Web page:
and general revenues, the federal government pays the other 75%, or medicare. so that's the calculation the secretary has to make. and then there's a little bit of wiggle room in the language which says -- by the way, there need to be adequate reserves in the supplemental medical fund. based on this threshold, this concept of adequate reserves, the secretary has the authority to set premiums. and the secretary will set premiums probably within the next month once she knows what's going to happen with the social secured c.o.l.a. at this point, what we know is that the c.o.l.a. is projected to increase by 0.2%. if that happens, many people on medicare, most people on medicare, will be protected by something called the hold harmless which means your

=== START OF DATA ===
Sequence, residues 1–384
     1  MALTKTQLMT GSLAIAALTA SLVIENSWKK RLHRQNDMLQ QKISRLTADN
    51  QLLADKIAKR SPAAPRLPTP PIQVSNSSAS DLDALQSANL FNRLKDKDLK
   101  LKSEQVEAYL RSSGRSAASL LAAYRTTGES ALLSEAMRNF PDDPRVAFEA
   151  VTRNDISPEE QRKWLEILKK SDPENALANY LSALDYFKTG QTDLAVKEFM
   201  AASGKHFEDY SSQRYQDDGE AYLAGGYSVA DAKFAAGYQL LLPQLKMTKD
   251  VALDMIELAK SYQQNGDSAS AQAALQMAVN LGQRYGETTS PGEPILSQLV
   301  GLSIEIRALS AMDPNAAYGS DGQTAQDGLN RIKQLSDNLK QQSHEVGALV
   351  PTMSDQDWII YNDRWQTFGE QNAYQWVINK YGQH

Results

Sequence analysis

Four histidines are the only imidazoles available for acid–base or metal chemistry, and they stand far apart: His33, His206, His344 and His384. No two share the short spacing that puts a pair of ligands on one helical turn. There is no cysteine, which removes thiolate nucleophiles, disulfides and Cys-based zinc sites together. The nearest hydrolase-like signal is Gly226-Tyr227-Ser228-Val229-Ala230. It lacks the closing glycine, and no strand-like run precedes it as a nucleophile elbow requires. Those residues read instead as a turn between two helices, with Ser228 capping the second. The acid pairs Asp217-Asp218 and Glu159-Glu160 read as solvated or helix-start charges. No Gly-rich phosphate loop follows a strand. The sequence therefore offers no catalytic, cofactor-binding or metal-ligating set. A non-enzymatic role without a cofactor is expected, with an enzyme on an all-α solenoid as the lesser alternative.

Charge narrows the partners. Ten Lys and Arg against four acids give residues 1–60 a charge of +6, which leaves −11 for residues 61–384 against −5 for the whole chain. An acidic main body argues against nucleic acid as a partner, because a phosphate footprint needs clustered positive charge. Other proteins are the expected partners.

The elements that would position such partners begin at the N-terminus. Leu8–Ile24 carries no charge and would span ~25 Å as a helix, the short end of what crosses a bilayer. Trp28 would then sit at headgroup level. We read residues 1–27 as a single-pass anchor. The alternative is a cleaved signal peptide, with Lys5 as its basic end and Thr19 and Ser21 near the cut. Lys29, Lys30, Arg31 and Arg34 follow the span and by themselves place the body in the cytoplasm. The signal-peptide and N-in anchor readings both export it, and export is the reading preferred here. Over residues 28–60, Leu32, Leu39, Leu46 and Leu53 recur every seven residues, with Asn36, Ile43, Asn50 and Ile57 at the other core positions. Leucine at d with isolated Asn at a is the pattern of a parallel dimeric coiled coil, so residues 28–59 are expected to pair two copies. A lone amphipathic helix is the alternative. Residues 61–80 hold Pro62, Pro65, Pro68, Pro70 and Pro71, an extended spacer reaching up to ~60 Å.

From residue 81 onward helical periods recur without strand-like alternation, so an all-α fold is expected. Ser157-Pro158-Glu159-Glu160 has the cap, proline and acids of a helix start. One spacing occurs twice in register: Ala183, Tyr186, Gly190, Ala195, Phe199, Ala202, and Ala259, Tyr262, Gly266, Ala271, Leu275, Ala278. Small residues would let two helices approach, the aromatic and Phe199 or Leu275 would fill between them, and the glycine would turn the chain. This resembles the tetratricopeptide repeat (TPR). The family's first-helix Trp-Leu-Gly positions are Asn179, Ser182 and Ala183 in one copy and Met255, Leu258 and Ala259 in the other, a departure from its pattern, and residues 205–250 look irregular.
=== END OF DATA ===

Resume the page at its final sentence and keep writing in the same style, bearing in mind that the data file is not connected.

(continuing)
premium cannot increase so much that it makes your social security check go down because most people have their premiums deducted from their social security checks. and that's a provision in law that's intended to protect people who rely on social security to get by. and the idea is part b premiums shouldn't diminish your social security income. that's the idea behind it. but what happens when a lot of people are protected by the hold harmless provision, because it would otherwise force their social security checks to go down, the people who are not protected, and i'll tell you who they are in a second, end up paying more because they are compensating for the people who aren't paying the full premium. have i lost you yet? excellent. all right. let's do an example here. so this is what you might call a typical year. in a typical year, let's say the